AT&T RFI Pursues Software Defined Networking (SDN)

AT&T apparently wants to build a software defined network (SDN). That could be good news for VMware (VMW) and other companies that focus on software defined data centers (SDDC).

The VAR Guy

January 2, 2014

2 Min Read
AT&T RFI Pursues Software Defined Networking (SDN)

AT&T has high hopes for software-defined networking (SDN). The big service provider has sent technology vendors a request for information (RFI) focused on a long-term SDN plan called Domain 2.0, according to MKM Partners. The potential big winner? VMware (VMW), the research firm predicted. Here’s the update.

The key takeaway from MKM Partners and coverage from The Rayno Report suggest the following:

“The RFI asks the vendors how they plan to develop network functionality aligning with AT&T’s long-term SDN plan — called Domain 2.0 — in which its network will eventually take on a more flexible, open “white box” model pegged to various SDN technologies and managed by an SDN controller, which is a new category of software/hardware being developed.”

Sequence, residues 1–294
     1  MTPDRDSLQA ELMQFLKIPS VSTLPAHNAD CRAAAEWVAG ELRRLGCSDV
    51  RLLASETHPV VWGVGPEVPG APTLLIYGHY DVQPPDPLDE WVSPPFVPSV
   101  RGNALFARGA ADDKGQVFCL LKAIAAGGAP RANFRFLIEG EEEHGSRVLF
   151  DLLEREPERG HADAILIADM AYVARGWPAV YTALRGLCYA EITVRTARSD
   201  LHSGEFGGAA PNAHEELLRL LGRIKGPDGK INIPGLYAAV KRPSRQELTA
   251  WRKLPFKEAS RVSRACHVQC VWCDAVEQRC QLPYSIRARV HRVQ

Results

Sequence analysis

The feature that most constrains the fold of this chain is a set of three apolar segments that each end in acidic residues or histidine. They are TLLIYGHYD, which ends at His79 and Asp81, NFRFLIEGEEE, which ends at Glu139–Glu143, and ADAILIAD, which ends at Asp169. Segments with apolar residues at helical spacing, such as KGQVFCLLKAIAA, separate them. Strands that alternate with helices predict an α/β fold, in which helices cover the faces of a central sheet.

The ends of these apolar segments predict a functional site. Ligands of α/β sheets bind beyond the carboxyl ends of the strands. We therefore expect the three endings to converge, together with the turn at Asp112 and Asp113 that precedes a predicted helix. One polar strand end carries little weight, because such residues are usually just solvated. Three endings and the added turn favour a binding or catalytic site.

White boxes — typically x86 servers — coupled with SDN potentially eliminate the need for expensive high-end networking hardware from Cisco Systems (CSCO), Juniper (JNPR) and other traditional switching and routing companies.

As part of its SDN push, VMware acquired Nicira in 2012 for $1.26 billion and now pushes a related development called VMware NSX.

Meanwhile, SDN upstarts like Arista Networks, Big Switch Networks and Cumulus Networks are building channel partner programs. Plus, it’s too early to predict SDN will topple Cisco’s traditional networking business. In fact, Cisco itself may profit from SDN in a range of ways. Cisco in 2013 acquired Insieme as part of a major SDN push that has now kicked into high gear.

Overall, it sounds like the shift to SDN networking won’t really take hold until at least 2015. After all, most companies don’t want to rip-and-replace existing network infrastructure. And in many cases, customers will need to explore ways to make SDN and traditional networks co-exist. Plus, many networking, storage and server VARs will need extensive training to sell and support SDN solutions.

Still, AT&T isn’t standing still. The company apparently is reviewing RFI feedback now. Is an SDN blueprint emerging at the big service provider? The VAR Guy will be watching.

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